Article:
The film ends with Ralphie lying in bed on Christmas night with his gun by his side. Randy is holding the toy zeppelin he received. The voiceover states that this was the best present he had ever received or would ever receive.
Several subplots are incorporated into the body of the film, based on other separate short stories by Shepherd. The most notable involves The Old Man's entering a sweepstake and subsequently winning a "major award." A large crate marked "FRAGILE" arrives and The Old Man remarks, "Fra-JEE-lay! Must be Italian!" Inside is a lamp shaped like a woman's leg wearing a fishnet stocking. Mrs. Parker does not see its charm and the "battle of the lamp" escalates until she breaks the lamp, infuriating The Old Man. The leg is the logo of the contest's sponsor, the Nehi Bottling Company.
Other vignettes include:
- Ralphie's father (The Old Man) is almost constantly complaining or cursing about something, be it his car or the family's home furnace. The father's cursing episodes are depicted using nonsensical gibberish.
- Ralphie's friends Flick (Scott Schwartz) and Schwartz (R. D. Robb) arguing over whether a person's tongue will stick to a frozen flagpole. Schwartz ultimately issues Flick a "triple dog dare" and Flick's tongue gets stuck to the pole. A suction tube within the flagpole was used to simulate the freezing of Flick's tongue to the pole.
- Ralphie receiving his Secret Society decoder pin from the Little Orphan Annie radio show after weeks of anxious waiting. However, he learns a lesson in advertising, as the secret message proves to be a promotional message from one of the radio program's sponsors, Ovaltine. "A crummy commercial...son of a bitch!" he gripes.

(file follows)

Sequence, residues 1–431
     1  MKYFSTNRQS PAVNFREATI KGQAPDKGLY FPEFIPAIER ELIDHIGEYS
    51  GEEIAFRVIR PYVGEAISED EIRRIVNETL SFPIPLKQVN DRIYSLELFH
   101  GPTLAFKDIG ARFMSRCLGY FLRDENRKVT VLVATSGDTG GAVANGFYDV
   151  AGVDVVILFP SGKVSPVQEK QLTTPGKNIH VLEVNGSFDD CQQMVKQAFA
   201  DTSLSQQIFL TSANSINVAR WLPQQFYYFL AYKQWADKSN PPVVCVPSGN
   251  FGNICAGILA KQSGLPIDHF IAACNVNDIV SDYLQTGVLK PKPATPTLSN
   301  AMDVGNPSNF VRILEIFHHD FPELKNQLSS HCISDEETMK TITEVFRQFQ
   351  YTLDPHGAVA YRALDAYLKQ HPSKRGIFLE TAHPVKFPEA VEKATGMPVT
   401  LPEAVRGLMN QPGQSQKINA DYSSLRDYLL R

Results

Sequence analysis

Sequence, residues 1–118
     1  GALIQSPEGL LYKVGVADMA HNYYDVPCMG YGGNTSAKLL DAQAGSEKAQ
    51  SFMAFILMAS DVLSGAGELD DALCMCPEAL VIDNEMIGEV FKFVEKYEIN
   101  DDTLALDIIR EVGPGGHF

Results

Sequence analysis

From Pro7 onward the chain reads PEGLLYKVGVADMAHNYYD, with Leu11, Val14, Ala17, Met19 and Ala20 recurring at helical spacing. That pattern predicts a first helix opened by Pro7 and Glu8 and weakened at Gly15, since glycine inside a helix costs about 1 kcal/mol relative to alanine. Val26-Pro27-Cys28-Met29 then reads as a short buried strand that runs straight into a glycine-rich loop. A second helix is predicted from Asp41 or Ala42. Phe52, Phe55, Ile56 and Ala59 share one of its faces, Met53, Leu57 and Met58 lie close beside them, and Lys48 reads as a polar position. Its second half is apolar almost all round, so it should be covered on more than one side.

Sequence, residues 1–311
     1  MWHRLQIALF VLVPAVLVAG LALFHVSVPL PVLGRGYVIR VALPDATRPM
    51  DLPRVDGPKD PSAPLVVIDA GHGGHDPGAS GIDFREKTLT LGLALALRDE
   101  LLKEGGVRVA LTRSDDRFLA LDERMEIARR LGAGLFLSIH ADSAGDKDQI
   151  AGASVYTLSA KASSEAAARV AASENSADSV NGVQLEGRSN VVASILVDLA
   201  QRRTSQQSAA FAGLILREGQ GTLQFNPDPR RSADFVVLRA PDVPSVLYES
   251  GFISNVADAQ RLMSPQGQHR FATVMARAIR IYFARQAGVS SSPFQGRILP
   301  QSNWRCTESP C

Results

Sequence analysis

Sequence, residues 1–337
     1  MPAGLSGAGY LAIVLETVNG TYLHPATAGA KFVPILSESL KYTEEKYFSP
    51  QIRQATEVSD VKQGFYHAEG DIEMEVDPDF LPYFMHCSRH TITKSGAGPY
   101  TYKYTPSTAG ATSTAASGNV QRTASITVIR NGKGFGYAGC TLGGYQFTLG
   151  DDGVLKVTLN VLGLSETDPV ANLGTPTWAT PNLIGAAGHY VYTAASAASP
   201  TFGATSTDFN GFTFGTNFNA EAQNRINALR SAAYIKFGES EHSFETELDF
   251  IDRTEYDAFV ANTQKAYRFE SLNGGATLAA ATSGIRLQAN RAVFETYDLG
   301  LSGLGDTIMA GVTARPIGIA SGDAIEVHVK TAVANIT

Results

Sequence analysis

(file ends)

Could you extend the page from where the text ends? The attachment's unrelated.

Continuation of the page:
- Ralphie and his friends dealing with the neighborhood bully, Scut Farkus, and his toadie, Grover Dill.
- While helping his father change a flat tire, Ralphie letting slip the dreaded "Queen Mother of Dirty Words," the "F-dash-dash-dash" word (toned down to the word "fudge" onscreen). Later, when asked where he'd heard the bad word, Ralphie falsely blames Schwartz. Ralphie's mother calls and reports this falsehood to Schwartz's mother, who proceeds to immediately spank Schwartz vigorously while still on the phone. Ralphie himself gets a bar of soap in the mouth for saying the word.
- The numerous smelly and bothersome bloodhounds of the Parkers' hillbilly neighbors, the Bumpuses, destroying the Christmas turkey, prompting the family to go out and have Peking duck instead.
- Several fantasy sequences depict Ralphie's daydreams of glory and vindication, including the vanquishing of a small army of villains (dressed in stereotypical burglar costumes of flat caps, black masks, and striped shirts) with his Red Ryder BB gun and obtaining his parents' gratitude, receiving an extremely good grade for his written theme about the BB gun, and parental remorse over a case of "soap poisoning."
- Randy's refusal to eat a meal on his own brings hilarity between him and his mother at the dinner table.
- At the Chinese restaurant, the employees sing "Deck the Halls" and "Jingle Bells" with a stereotyped Asian accent where the English "L" is articulated incorrectly ("Deck the hars with bawrs of hawry Fa-ra-ra-ra-ra.").
- Ralphie's "Aunt Clara" gives him pink bunny pajamas on Christmas morning, much to his annoyance and discomfort. He then claims his Aunt Clara repeatedly believes that he is 4 years old, as well as a girl. His mother is the only one impressed with Aunt Clara's weird gift, as his father says the outfit makes him look like "a deranged Easter Bunny" and allows Ralphie to take it off.
- A deleted scene featured Ralphie on the Planet Mongo saving Flash Gordon from Ming the Merciless with his BB Gun.
- Peter Billingsley as Ralphie Parker
- Jean Shepherd as adult Ralphie (voice)
- Ian Petrella as Randy Parker
- Darren McGavin as Mr. Parker (The Old Man)
- Melinda Dillon as Mrs. Parker
- Scott Schwartz as Flick
- R. D. Robb as Schwartz
- Zack Ward as Scut Farkus
- Yano Anaya as Grover Dill
- Tedde Moore as Miss Shields